NIAID program staff also receive a copy of the summary statement, which they use to consider the reviewers’ recommendations, along with the programmatic objectives. If necessary, program staff will also work with the applicant to negotiate changes to the proposed milestones before funding.
Once program staff and the applicant come to an agreement, the authorized organizational representative submits the final approved transition milestones to NIAID, which are then referenced in the Notice of Award, and Phase I funding is awarded after all the usual requirements for making an award are satisfied. The applicant (now a “grantee”) can then begin work on Phase I of his or her project.
Once a Grantee Meets the Phase I Milestones, Is He or She Automatically Approved to Transition to Phase II?
Not exactly. Here’s where the process can begin to get complicated.
As stated earlier, some phased awards may be constructed so that no more than half of the grantees who receive awards for Phase I will be approved to transition to Phase II. That said, all of the grantees that were issued an award for Phase I of a project are evaluated simultaneously as one group at the end of that phase (normally, one or two years after the initial award).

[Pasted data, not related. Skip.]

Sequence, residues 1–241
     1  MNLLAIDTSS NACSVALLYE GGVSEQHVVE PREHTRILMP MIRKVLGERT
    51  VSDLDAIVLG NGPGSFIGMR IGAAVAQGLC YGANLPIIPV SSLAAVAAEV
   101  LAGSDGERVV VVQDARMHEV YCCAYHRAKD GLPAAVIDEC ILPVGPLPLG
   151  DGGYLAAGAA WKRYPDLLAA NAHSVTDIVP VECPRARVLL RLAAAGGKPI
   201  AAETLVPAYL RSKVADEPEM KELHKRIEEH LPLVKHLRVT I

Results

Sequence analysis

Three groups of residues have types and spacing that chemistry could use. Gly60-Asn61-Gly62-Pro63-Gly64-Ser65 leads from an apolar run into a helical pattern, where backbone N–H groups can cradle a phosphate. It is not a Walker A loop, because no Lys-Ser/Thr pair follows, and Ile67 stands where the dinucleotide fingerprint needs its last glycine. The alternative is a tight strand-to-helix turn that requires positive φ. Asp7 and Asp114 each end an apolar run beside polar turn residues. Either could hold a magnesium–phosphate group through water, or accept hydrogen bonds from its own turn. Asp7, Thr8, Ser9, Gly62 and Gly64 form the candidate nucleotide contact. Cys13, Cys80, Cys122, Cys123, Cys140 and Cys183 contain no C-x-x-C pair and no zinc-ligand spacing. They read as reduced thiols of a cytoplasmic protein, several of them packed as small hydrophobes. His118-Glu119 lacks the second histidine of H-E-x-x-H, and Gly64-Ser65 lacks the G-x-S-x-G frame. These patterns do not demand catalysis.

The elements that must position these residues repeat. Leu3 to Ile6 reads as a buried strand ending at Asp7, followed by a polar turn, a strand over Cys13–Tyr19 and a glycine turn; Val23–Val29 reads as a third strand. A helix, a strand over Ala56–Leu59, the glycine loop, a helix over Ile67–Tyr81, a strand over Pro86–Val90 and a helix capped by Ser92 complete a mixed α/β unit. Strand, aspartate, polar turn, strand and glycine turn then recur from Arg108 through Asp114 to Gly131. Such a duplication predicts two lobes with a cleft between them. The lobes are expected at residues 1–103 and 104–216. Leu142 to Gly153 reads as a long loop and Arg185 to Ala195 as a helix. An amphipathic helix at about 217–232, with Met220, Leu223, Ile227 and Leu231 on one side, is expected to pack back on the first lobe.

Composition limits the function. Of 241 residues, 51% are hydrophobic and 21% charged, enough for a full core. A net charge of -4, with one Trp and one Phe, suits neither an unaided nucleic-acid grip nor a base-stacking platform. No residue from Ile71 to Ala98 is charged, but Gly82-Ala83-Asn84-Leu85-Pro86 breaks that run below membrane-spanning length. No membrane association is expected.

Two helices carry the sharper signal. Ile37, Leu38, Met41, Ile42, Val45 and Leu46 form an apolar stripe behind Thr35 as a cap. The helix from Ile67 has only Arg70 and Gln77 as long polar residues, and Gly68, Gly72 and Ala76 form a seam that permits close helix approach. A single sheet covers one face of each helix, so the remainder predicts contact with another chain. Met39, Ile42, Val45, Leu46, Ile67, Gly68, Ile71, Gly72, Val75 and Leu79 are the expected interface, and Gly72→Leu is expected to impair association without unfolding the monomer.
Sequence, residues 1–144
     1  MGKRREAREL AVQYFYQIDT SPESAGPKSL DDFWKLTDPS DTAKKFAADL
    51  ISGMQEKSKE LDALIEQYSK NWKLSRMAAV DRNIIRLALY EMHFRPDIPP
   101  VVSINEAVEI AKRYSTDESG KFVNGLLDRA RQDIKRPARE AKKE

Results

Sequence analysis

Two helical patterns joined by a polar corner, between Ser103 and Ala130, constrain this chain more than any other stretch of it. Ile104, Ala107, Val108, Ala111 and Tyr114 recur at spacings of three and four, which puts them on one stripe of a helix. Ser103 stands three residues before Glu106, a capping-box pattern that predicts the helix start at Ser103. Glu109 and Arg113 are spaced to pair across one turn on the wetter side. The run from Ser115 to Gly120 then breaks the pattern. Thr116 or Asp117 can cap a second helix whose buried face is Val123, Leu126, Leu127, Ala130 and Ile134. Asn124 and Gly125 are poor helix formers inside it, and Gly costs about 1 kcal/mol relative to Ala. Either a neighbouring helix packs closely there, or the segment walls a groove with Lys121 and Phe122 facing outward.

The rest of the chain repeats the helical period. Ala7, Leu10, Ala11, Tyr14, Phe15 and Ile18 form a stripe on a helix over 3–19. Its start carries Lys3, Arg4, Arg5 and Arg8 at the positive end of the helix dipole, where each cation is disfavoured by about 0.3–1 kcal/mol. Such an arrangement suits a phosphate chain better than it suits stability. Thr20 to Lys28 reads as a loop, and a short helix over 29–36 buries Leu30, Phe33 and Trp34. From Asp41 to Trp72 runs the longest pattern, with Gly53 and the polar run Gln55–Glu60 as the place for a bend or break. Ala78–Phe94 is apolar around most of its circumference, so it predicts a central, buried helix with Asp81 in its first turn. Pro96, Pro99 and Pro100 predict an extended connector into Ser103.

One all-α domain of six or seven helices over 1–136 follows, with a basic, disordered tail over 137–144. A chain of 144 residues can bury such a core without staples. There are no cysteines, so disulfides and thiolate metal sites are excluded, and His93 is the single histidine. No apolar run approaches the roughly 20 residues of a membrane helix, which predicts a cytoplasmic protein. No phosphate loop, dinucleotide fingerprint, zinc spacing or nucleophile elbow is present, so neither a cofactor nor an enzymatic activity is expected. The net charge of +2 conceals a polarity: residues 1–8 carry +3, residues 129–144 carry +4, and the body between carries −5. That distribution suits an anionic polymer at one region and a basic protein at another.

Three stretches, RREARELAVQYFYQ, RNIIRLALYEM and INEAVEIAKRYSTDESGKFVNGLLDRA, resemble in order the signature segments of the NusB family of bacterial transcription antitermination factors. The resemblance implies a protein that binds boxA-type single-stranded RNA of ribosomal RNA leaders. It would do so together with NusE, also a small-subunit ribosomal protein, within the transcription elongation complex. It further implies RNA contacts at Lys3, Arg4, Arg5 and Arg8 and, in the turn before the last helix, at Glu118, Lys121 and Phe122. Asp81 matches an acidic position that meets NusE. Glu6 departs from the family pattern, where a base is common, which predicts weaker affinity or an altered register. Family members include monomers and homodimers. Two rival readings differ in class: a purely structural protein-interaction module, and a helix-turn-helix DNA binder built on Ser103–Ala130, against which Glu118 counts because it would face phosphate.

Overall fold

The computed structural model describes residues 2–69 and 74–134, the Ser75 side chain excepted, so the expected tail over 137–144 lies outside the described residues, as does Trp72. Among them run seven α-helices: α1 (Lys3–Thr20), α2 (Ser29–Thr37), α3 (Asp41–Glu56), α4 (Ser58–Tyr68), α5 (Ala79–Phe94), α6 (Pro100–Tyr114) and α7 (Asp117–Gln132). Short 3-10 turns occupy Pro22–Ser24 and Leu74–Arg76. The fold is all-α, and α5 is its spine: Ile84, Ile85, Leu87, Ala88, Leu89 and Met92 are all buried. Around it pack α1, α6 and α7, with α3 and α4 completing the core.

A panel of NIH program staff is convened to evaluate and rank the “Phase II Transition Packages” of the grantees. In addition to assessing whether each grantee has met the milestones as originally outlined, other determining factors are also weighed heavily in this review; for instance, whether or not the grantee’s project still fits within the scientific priorities of the program division or how well the grantee’s candidate product or technology is prepared for further development.
All of the above factors and more are thoroughly considered when evaluating grantee transition packages. At the conclusion of the panel evaluation, the grantees that rank in the top half of the group transition to Phase II and receive additional funding for their projects. Grantees that place in the bottom half do not transition to Phase II and may even have their Phase I awards closed out at that point, depending on how the FOA is set up.
Additionally, grantees who don't successfully transition to Phase II cannot 1) reapply to another phased award for the same project or 2) file an appeal against the evaluation panel’s decision, which is final.
What Happens After Phase II Ends?
At the end of the Phase II project period, if a grantee’s project has been successful and shows promise beyond “proof of principle,” the grantee would then be poised to apply to subsequent FOAs (e.g., R01s, Small Business Innovative Research grants) for additional funding.
The best news here is that if a grantee is able to successfully procure a subsequent research project award, the grantee will undoubtedly have access to much more substantive resources to continue his or her project.
Opportunities and Resources
If your small business can improve expression, yield, and rapid purification for multiple HIV envelope immunogen components, you may be the ideal candidate for a Phase I, Phase II, or Fast-Track grant through funding opportunities for Small Business Innovation Research (SBIR) or Small Business Technology Transfer (STTR).